The magnitude of damage can be greatly reduced if an organization's emergency team proactively takes into consideration the possibility of such occurrences while designing their infrastructure.
Execution becomes vital when disaster strikes as rescue teams have very limited timeframes for completing key tasks.
In contrast to the reactive measures used in failover and disaster recovery (described below) load balancing is a preventative measure.
Health monitoring tracks server availability, ensuring accurate load distribution at all times—including during disruptive events.
These business continuity threats depend on a variety of elements such as A contextually relevant crisis plan is then designed that gives the enterprise a working model for transitioning the emergency situation and effectuating business continuity.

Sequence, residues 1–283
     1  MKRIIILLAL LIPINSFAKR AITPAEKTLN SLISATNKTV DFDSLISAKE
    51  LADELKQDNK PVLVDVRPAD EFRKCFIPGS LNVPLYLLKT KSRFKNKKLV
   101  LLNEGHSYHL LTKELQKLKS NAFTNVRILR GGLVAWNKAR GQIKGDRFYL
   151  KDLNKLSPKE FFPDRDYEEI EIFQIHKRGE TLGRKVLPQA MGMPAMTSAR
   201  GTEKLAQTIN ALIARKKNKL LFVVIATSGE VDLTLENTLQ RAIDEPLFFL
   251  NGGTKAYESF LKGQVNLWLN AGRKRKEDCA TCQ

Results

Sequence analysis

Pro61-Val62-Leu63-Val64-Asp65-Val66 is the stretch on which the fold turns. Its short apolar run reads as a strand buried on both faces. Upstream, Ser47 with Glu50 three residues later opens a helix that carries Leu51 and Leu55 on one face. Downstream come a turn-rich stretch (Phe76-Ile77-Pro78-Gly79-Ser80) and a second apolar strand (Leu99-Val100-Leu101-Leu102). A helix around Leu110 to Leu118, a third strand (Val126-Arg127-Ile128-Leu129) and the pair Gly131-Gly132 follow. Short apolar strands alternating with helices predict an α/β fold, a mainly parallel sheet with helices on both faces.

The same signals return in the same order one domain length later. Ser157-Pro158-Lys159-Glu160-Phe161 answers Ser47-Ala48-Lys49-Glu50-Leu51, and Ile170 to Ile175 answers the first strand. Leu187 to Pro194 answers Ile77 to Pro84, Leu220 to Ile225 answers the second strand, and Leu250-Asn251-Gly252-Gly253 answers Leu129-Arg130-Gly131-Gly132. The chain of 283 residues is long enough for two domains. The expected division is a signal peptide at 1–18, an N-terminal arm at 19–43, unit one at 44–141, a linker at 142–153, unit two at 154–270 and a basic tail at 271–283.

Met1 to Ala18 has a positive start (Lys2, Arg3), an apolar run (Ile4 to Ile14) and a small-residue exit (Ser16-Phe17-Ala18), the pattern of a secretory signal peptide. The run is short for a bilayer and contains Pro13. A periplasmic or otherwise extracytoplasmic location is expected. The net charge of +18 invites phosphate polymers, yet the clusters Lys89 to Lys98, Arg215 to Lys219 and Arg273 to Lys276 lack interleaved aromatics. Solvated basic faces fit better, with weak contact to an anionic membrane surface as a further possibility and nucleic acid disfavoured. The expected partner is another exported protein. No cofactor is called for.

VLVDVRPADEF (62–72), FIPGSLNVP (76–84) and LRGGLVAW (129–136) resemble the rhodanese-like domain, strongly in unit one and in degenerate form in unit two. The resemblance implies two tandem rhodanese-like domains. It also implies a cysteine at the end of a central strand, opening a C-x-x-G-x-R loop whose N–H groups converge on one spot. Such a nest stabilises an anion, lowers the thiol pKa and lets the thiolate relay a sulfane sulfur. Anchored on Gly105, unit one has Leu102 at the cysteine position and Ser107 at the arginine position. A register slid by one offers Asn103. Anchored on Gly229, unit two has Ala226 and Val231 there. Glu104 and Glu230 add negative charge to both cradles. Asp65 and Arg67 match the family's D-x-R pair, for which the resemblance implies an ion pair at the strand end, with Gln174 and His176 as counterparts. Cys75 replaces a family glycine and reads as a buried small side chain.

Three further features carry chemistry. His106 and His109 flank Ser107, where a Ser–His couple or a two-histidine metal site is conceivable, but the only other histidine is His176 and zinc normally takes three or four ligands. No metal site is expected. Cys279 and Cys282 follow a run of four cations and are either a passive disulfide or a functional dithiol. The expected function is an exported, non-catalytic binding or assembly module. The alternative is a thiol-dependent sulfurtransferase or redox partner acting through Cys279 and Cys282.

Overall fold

Designing an effective plan is more often than not limited by constraints such as budget, technology, infrastructure, assets and availability of skilled personnel with the necessary expertise.
Structurally, disaster recovery plans are highly flexible so that rescue and restoration efforts can be improvised and adapted to unexpected developments.
This is essential as any hazardous occurrence is erratic by nature and the variables that influence its progression can never be accurately forecasted.
Business continuity planning is an enterprise's strategic framework for responding to natural and manmade disasters.
The design and execution of the plan is collectively outlined by the management and leadership teams in line with the organization's resiliency objectives.